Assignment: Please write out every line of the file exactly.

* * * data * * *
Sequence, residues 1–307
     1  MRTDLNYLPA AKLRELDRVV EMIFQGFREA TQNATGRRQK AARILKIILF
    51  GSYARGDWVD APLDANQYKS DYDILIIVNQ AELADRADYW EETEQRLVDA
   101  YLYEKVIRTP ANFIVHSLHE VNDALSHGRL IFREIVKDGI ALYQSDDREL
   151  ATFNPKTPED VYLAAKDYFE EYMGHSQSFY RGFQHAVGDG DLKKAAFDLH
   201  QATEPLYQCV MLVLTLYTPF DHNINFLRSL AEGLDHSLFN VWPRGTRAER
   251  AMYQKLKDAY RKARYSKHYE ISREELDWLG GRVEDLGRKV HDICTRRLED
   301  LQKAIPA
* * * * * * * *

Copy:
Sequence, residues 1–307
     1  MRTDLNYLPA AKLRELDRVV EMIFQGFREA TQNATGRRQK AARILKIILF
    51  GSYARGDWVD APLDANQYKS DYDILIIVNQ AELADRADYW EETEQRLVDA
   101  YLYEKVIRTP ANFIVHSLHE VNDALSHGRL IFREIVKDGI ALYQSDDREL
   151  ATFNPKTPED VYLAAKDYFE EYMGHSQSFY RGFQHAVGDG DLKKAAFDLH
   201  QATEPLYQCV MLVLTLYTPF DHNINFLRSL AEGLDHSLFN VWPRGTRAER
   251  AMYQKLKDAY RKARYSKHYE ISREELDWLG GRVEDLGRKV HDICTRRLED
   301  LQKAIPA